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I’m a proud North Carolinian. I grew up in what I will argue with anyone is the finest state in the country. It is a state with beautiful beaches, picturesque mountains and everything in between. It is a state that, compared to some our neighbors in the southeast, is pretty progressive. From an early age I was taught about the role North Carolina played in the civil rights movement, like the famous Greensboro sit-ins. I was living in California during the 2008 election and beamed with pride when my fellow statesmen voted for Barack Obama – the first time the state has gone blue since Jimmy Carter in 1976.
But now I find my beloved home state in a bit of an identity crisis. On May 8, the citizens of North Carolina will vote on Amendment 1, a: Constitutional amendment to provide that marriage between one man and one woman is the only domestic legal union that shall be valid or recognized in this State.
The fact is though that gay marriage is already against the law in North Carolina and has been since 1995. The amendment also contains four words that make this much more than a gay marriage issue: only domestic legal union. It now will take away rights from heterosexual couples that are in domestic partnerships, unmarried but long term partners, or any other situation besides marriage.
Additionally, the economic repercussions could be catastrophic for NC, which already has an unemployment rate around 10%. Heterosexual and homosexual partners not “married” could lose health benefits for dependents and partners, the ability to make financial and health emergency decisions, among other issues. And the message this amendment would send to potential new employees and businesses could easily persuade them not to come to the state.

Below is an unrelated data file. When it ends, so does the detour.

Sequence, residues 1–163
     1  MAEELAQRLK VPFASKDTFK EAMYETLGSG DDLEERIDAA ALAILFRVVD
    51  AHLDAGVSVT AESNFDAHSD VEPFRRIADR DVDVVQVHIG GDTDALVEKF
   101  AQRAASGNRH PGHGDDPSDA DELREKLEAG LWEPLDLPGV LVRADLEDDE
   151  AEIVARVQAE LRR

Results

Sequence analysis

I recently spoke with a family friend who also serves in the state legislature about the amendment. He explained to me that to defeat the amendment, young voters must come out in strong numbers, just as we did in 2008. Amendment 1 goes against all the values and morals I learned growing up in North Carolina. It will be close – according to recent Public Policy Polling results, 56% of the respondents support the amendment, but only 1/3 actually knew what the bill would do. 7% actually thought the amendment would legalize gay marriage. This is my generation’s civil rights movement and hopefully one day the North Carolina history books will talk about this the same they do the Greensboro sit-ins.
For more information, visit http://www.protectncfamilies.org/home.